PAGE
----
“We suddenly missed our colleagues, the people, who, even if food is limited and simple, we were happy sharing it. You would have a good appetite,” Jonila said emotionally.

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They can also sleep better now, she added. She described the days when they were held captive by the military as a nightmare.

“Every morning is like waking up from a nightmare when we are at the safe house and (later) in the camp. Why am I here? There is fear because you wonder if the next morning you will still be able to see your family, our colleagues. Can we still continue with the fight that we left behind?” Jonila said.

“We were worried thinking about the situation of the communities in the coastal area of Bataan. Were they evicted? Are they continuing with reclamation activities in the sea? Did our relief operations push through?” she added.

Jonila said that the days that they were being held were time wasted because they should be in the communities. “We also wondered if our friends missed us? Because we missed them so much.”

Jonila acknowledged the dangers of speaking the truth on that day of the press conference, but she said, truth should come out and they cannot allow themselves to be used in deceiving the public. “That’s what made us strong and gave us courage – that we know the truth and we know that what we fight for is just and right.”

She added that what is more terrifying is the continuing injustice and that people’s human rights continue to be violated be it social and economical to civil and political.

Why they will persist

For Jhed and Jonila, no threat can replace their dedication to fight for the people’s rights and be with the people in their struggle. This is why they said that the fight is not over.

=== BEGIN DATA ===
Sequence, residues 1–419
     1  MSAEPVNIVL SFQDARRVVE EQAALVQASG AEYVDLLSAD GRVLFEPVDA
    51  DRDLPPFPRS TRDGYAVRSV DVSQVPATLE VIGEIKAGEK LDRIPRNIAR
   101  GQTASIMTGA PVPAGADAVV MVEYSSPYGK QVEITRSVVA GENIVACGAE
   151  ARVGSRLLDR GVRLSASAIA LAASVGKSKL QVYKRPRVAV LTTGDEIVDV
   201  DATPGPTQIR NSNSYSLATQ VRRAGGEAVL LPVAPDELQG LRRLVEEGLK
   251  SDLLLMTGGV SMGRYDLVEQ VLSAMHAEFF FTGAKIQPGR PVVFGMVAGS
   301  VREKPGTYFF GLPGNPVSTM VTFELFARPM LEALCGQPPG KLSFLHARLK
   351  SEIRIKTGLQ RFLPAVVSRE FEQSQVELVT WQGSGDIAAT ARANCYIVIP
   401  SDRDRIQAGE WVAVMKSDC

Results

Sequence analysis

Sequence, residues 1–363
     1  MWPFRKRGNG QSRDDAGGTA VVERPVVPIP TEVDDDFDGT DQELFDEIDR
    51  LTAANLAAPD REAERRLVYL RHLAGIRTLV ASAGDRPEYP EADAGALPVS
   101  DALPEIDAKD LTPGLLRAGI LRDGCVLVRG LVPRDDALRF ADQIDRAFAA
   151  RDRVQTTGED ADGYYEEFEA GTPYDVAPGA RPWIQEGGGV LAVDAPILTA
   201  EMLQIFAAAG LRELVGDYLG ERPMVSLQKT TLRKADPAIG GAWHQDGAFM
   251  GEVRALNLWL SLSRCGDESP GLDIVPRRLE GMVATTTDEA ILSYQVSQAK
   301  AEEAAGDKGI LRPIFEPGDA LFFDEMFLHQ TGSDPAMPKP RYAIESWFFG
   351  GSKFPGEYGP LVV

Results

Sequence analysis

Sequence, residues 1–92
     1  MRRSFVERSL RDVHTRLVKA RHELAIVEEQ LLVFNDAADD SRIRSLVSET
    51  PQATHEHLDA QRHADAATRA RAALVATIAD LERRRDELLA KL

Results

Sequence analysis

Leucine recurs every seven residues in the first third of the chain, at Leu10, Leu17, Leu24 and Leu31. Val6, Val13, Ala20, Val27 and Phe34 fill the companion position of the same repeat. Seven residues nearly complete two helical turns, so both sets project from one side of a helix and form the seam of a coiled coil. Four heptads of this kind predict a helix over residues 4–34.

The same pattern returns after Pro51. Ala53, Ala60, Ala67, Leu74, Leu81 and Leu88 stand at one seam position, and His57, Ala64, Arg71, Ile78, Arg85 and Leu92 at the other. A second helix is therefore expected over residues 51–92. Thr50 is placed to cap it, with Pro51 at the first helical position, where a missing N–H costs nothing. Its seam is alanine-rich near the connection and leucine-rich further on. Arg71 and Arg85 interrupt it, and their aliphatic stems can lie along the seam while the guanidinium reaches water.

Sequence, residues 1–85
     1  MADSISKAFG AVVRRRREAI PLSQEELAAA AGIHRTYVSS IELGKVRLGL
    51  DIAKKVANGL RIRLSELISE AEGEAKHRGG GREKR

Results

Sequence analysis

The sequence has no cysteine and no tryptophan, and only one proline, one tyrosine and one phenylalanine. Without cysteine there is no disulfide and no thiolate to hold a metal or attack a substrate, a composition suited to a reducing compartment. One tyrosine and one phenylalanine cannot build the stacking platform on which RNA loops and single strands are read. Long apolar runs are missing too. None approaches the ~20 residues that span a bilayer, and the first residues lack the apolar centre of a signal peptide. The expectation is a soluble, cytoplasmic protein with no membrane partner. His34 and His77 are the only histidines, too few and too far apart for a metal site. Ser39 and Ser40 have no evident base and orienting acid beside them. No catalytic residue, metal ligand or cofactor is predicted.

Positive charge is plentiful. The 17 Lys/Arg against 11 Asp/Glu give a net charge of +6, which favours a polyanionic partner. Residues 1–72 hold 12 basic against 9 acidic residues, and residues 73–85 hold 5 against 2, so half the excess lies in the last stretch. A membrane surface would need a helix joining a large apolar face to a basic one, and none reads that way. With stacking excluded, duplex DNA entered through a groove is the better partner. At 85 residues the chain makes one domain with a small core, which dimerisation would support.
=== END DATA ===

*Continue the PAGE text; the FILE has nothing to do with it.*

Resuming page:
“No amount could equal in standing for each other for truth and the correctness of our fight, that is why I am hopeful that our fight would not end here because the current situation of our society demands a lot from us,” Jhed said.

Kabataan Rep. Raoul Manuel meanwhile praised the courage of the two. “This is a victory because they were released from their abductors. But we know that this is an ongoing battle, right? This should strengthen us together, the help we give each other should be strengthened in order to stop whatever attempts by the evil forces of the state,” Manuel said in Filipino.

Lawyer Dino de Leon also lauded Jhed and Jonila’s courage. “I think the reason why you spoke at that time is because you don’t want that fear, you know the just and right thing to do. And we are inspired by the courage and strength that you’ve shown,” he said in a mix of English and Filipino.

He also stressed the safety of Jhed and Jonila. “I hope that we will continue to support Jhed and Jonila’s safety. Let’s watch out for them as a community,” he said.

Last week, Jhed and Jonila filed a writ of amparo and temporary protection order at the Supreme Court. Respondents include officials and members of the 70th Infantry Battalion, officials and members of the Philippine National Police- Bataan, National Security Council Assistant Director General Jonathan Malaya, and the National Task Force to End Local Communist Armed Conflict (NTF-ELCAC).

De Leon vowed that as Jhed and Jonila’s counsels, they will fight alongside them.

Meanwhile, asked about their plans aside from pursuing legal cases against their abductors, Jonila said their only plan is to continue organizing and be with the masses of the coastal area of Orion, Bataan. “Hopefully we can go back there soon,” she said smiling. (RTS, DAA) (